Continuing A Sweet Holiday Tradition: Frosted Cashew Cookies Recipe

It’s Christmas time.  A time for cheer, love, baking, gifts, and all of the joys of the season.  I am sure we can all recall a special tradition from our childhood that as an adult we either keep going or we remember it with a special fondness that makes our hearts feel warm.  For me, it is a special cookie recipe that my grandma made every year at Christmas.

I do not know the story behind where this recipe came from, but I do know what it meant to me. My grandma made these frosted cashew cookies every year at Christmas time.  Apparently one year when I was a small child, my grandma made these cookies and I told her I loved them. She then made them every year because she knew I liked them. That may not have been the only reason she made them, but she had me in mind in her holiday baking. I lost my grandma six-and-a-half years ago. I miss her always, but especially around the holidays.

To keep her memory alive and to share her with my kids, I like to share special traditions and recipes that have a place in my heart.

It makes me feel close to her when I make the same creations for my family.  

These cookies are fairly easy to make.  Most of the ingredients are things you probably already have in your kitchen.  To start, cream together ½ cup (1 stick) butter and sugar. Then beat in one egg and 1 teaspoon of vanilla. You can definitely use a spoon for this.  I prefer my stand mixer because I feel like the ingredients are more evenly distributed. Whichever kind of mixing device you have will work just fine.  After those are creamed together, you can add your dry ingredients of baking powder (¾ teaspoon), salt (¾ teaspoon), flour (two cups), and cashews (1 ½ cups). You can use either salted or unsalted cashews.  Alternate the dry ingredients with ⅓ cup of sour cream. 

     Continuing A Sweet Holiday Tradition: Frosted Cashew Cookies Recipe

Once everything is mixed in well, form into balls and place on a prepared cookie sheet.

Continuing A Sweet Holiday Tradition: Frosted Cashew Cookies Recipe

Bake at 400 degrees for 10 minutes. I tend to check mine after eight minutes to be sure they are not getting too dark on the underside of the cookie.  It will completely depend on how warm your oven gets.

After the cookies are made and cooled, it is time to frost them.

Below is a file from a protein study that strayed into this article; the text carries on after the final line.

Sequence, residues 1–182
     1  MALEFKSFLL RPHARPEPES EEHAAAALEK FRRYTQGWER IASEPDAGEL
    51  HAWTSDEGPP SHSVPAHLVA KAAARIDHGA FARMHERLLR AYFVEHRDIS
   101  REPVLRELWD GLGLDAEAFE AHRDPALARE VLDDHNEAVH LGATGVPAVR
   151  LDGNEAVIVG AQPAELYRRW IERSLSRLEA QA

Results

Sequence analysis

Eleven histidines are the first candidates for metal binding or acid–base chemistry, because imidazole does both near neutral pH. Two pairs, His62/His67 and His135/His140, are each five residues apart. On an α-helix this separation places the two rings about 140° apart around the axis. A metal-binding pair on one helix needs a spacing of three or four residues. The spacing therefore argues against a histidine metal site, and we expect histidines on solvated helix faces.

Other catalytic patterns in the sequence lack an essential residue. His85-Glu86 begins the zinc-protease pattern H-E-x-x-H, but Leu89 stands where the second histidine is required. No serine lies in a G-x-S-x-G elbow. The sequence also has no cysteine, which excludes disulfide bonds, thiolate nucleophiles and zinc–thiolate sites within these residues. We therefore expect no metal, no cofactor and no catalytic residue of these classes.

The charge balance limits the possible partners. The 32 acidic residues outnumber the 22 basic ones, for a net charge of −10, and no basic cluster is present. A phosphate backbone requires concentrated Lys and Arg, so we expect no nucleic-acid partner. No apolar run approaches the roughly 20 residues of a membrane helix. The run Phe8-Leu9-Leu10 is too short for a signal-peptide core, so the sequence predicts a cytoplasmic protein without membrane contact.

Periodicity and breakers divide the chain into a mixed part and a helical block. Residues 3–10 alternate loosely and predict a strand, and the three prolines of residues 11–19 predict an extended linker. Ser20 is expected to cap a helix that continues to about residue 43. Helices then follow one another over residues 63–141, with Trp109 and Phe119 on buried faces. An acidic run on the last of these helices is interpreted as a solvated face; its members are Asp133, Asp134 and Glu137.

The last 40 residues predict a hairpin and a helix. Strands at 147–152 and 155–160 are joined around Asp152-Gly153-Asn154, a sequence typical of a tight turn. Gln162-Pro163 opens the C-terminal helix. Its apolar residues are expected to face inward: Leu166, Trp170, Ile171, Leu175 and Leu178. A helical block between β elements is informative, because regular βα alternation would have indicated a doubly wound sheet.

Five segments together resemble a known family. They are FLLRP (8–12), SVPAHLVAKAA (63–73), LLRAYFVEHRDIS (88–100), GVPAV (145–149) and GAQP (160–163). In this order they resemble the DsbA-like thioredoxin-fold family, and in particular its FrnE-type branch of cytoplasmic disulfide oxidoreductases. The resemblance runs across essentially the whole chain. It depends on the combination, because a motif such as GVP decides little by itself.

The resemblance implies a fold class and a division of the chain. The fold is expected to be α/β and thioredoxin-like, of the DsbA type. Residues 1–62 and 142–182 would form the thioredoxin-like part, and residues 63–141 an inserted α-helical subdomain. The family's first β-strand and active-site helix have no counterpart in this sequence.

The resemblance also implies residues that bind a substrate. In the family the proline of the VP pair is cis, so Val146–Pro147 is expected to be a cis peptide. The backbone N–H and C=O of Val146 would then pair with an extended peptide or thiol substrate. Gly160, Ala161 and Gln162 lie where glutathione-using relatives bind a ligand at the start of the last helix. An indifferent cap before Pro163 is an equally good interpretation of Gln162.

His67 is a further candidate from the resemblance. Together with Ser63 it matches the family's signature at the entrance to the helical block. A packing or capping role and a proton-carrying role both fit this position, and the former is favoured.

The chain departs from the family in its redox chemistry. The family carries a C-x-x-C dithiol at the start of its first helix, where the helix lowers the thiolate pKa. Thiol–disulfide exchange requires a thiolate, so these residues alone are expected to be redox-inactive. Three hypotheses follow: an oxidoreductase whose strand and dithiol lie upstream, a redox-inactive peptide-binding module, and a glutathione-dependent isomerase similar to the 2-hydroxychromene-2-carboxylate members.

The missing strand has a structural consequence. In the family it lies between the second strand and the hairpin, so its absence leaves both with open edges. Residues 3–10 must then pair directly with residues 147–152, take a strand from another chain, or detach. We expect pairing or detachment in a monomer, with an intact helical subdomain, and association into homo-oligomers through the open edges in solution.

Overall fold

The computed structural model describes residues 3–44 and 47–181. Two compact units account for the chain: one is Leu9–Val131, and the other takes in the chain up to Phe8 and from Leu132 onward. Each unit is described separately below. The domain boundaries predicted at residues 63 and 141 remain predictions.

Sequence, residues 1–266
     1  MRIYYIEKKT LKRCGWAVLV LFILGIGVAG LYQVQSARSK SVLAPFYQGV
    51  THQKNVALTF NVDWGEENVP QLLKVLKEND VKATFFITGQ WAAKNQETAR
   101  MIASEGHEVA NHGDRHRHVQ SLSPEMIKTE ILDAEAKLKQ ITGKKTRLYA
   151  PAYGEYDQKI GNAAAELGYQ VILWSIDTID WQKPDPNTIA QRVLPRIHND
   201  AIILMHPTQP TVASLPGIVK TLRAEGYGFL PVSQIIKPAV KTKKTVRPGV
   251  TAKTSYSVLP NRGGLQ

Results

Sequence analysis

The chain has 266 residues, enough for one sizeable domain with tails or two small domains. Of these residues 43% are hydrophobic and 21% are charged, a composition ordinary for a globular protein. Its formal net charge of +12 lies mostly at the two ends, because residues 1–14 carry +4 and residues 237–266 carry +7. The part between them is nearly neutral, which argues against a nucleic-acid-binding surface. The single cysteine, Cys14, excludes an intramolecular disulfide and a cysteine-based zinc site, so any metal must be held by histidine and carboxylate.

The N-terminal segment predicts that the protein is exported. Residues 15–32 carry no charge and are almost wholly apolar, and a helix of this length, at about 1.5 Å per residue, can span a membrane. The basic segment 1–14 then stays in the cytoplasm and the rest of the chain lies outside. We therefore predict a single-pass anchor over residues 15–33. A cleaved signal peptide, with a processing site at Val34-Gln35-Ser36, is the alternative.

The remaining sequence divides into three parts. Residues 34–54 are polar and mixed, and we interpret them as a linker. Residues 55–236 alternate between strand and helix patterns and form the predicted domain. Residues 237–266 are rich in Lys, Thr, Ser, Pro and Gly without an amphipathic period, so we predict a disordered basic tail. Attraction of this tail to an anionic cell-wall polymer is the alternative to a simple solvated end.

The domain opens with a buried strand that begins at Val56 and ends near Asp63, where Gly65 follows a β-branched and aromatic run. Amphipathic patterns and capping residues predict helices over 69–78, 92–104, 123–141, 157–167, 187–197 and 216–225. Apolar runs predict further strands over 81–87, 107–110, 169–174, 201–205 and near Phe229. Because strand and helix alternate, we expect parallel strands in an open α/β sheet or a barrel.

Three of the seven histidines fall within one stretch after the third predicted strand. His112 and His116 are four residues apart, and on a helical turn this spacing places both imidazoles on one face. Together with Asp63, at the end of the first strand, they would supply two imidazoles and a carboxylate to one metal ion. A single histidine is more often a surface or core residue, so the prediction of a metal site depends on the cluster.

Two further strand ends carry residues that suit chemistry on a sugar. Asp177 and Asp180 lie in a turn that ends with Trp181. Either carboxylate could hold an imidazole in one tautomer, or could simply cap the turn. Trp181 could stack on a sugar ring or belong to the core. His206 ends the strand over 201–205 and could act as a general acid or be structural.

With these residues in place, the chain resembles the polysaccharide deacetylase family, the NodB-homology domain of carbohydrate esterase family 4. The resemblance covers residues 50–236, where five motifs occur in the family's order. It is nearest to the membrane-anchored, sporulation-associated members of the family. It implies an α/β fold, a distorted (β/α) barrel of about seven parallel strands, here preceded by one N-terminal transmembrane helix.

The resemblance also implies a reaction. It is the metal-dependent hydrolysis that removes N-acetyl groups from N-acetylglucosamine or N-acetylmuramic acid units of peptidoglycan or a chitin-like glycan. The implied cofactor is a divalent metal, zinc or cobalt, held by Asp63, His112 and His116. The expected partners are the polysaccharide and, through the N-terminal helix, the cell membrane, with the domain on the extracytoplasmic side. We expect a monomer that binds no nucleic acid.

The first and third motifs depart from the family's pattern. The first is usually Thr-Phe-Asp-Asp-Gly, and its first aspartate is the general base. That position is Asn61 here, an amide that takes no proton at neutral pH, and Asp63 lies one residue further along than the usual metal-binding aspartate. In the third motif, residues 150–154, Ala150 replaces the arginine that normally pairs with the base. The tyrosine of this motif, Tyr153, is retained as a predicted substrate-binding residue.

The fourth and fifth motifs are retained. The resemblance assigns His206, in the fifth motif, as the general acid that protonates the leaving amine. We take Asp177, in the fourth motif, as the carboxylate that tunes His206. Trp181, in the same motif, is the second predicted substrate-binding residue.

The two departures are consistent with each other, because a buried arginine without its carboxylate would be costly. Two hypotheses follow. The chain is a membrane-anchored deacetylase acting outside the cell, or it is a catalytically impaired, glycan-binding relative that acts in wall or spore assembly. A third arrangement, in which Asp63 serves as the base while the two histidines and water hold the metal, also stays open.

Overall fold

Continuing A Sweet Holiday Tradition: Frosted Cashew Cookies Recipe

In a saucepan, brown ½ cup of butter.  To brown the butter, place the butter in a saucepan on medium heat. This takes a little bit of time.  However, once it browns it can burn very quickly.  The key is frequent stirring. Once it is browned, stir and remove from heat. 

Add three tablespoons of half-and-half or evaporated milk, one teaspoon vanilla, and two cups of powdered sugar.

Continuing A Sweet Holiday Tradition: Frosted Cashew Cookies Recipe

Once that is done, spread over the tops of cookies.  And after that, ta da–you are finished! 

Continuing A Sweet Holiday Tradition: Frosted Cashew Cookies Recipe

Christmas time is a time to build traditions with your loved ones. 

What are some favorite Christmas baking traditions your family has?  Drop us a comment below!  

[yumprint-recipe id=’18’] 




Brenda is an Iowa native who has lived in the Iowa City area since 2005. She is married to her love, Robert, since 2012. Brenda is an elementary teacher by trade. She spent almost nine years as a stay at home parent but is now back in the classroom spending time with her school kids and being a mom to her own kids. She is the mom of three; Gabe (April, 2013) Maggie (April, 2015), and Julianna (September, 2017). Brenda enjoys being active by running and working out. She also enjoys trying new recipes, volunteering, playing board and card games, and being involved in church. Brenda is an elementary teacher and loves cheering on the Cubs, UNI Panthers, and the Iowa Hawkeyes. It is a busy but beautiful life!


Please enter your comment!
Please enter your name here

This site uses Akismet to reduce spam. Learn how your comment data is processed.